The genus Pestivirus of the family Flaviviridae
includes classical swine fever virus (CSFV), border disease virus (BDV) and bovine viral diarrhoea virus (BVDV). Pestiviruses that belong to the latter two species are found in both swine and ruminants, whereas CSFV infects exclusively domesticated pigs, feral pigs and wild boar (Sus scrofa
]. CSFV typically enters the host via ingestion, or less commonly via the conjunctiva. Entry via the oronasal route is followed by infection of epithelial cells of the tonsillar surface. After primary replication in these cells, the virus targets macrophages and dendritic cells. Infection may remain subclinical or run an acute, subacute, late-onset, or chronic course. The acute form of the disease manifests with fever, loss of appetite, dullness, unsteady gait and constipation followed by diarrhoea. Several days after the onset of fever, cyanotic discolorations may be observed on the ears, abdomen and inner thighs. These manifestations are caused by thrombosis and endothelial damage, which may also result in hemorrhagic diatheses and petechiation. Gross pathological findings include petechial to ecchymotic hemorrhages on lymph nodes and kidneys and also on the larynx, epiglottis, heart, urinary bladder, intestinal mucosa, serous and mucous membranes and skin [2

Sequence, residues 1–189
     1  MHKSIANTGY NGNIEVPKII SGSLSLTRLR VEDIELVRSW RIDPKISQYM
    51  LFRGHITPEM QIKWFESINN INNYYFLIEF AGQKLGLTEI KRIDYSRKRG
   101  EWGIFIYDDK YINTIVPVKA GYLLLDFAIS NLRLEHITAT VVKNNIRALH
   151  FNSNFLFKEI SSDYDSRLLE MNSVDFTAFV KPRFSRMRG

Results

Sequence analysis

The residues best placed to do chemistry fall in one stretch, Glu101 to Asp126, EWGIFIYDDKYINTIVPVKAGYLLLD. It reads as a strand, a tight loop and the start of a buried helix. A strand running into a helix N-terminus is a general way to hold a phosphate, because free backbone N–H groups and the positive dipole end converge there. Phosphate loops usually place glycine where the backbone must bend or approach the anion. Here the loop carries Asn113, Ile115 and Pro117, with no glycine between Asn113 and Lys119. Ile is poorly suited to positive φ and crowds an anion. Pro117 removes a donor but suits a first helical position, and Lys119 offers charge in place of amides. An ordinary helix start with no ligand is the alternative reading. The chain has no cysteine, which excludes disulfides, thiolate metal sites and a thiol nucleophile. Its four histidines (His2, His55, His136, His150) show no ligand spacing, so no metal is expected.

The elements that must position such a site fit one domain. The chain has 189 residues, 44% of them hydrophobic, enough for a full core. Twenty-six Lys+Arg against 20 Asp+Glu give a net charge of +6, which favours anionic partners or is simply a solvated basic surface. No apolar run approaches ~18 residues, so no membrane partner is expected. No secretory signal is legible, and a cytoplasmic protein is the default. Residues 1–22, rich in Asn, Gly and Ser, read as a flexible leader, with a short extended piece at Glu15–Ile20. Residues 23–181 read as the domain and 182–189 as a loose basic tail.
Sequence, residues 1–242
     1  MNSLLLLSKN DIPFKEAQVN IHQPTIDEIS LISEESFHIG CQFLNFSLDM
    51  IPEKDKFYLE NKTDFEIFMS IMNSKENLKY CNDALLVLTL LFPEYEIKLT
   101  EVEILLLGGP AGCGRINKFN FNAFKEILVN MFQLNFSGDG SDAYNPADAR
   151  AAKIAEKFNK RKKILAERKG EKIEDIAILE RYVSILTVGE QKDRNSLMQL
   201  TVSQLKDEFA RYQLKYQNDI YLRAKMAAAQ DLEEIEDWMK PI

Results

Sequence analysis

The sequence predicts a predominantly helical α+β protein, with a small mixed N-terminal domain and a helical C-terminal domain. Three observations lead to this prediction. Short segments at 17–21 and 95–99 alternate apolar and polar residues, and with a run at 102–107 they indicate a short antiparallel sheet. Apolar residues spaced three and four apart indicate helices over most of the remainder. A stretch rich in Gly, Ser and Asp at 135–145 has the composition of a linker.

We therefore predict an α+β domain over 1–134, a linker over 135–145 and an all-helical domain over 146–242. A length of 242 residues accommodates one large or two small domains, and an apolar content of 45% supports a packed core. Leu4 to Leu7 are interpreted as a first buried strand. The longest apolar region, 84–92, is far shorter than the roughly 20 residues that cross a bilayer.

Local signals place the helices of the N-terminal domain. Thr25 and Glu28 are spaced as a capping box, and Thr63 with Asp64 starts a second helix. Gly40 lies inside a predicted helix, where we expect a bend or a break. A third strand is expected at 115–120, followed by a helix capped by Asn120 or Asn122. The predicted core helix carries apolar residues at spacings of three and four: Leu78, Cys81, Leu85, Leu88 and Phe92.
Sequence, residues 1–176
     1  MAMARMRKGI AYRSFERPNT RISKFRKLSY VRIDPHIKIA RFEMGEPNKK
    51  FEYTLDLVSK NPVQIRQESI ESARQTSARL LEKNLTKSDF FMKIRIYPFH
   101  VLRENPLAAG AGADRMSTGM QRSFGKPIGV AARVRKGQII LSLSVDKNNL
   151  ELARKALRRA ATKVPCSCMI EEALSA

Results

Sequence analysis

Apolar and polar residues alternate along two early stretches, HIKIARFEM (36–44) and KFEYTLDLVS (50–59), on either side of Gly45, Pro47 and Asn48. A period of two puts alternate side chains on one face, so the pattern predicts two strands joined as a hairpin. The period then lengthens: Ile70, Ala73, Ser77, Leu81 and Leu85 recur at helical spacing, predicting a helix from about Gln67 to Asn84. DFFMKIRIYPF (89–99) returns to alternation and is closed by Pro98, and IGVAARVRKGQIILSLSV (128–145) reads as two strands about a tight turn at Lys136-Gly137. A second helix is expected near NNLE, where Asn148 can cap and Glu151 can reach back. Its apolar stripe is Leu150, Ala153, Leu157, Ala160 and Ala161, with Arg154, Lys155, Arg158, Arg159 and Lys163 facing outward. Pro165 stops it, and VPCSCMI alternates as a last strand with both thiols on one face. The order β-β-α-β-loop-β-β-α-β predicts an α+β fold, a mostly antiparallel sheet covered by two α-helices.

]. Transplacental transmission may result in congenital malformations, the birth of weak piglets, stillbirth, or abortion. Importantly, infections during the second trimester of gestation may result in persistently infected piglets, which may shed virus to the environment until succumbing to a late-onset form of the disease [4
CSF is endemic to parts of Europe, Central and South America, Asia and Africa, whereas North America, Australia and New Zealand are free from the disease [3
]. Due to the risk of large transboundary outbreaks with considerable economic damage, the World Organisation for Animal Health (Office International des Epizooties (OIE)) has to be notified when CSF is diagnosed in the field. Diagnosis of CSFV infection can be performed by PCR on organ or blood samples during the acute phase of the infection, or via the detection of antibodies by ELISA or virus neutralization assay. Commercially available CSF ELISAs detect antibodies against either the E2 or ERNS
structural glycoprotein [6
]. Although antibodies against ERNS
may appear a few days before E2 antibodies, E2 ELISAs are of much higher sensitivity after convalescence. Importantly, ERNS
ELISAs do not differentiate between CSFV and related pestiviruses, explaining that these ELISAs are recommended for use only at herd level [7
Epizootics of CSF can be controlled effectively by vaccination with live-attenuated vaccines, of which the lapinized “Chinese” or “C” strain is most widely used. A single vaccination with a C-strain-based vaccine can provide lifelong immunity with an onset as early as 2–3 days after vaccination [1
]. In the 1980s, vaccination with C-strain played an important role in the eradication of CSF from Europe and its use across the world has contributed to its reputation as one of the most effective and safe veterinary vaccines ever developed. The only disadvantage of the C-strain vaccine is the inability to differentiate infected from vaccinated animals (DIVA) by ELISA. Therefore, vaccination with C-strain may result in trade restrictions with significant economic consequences.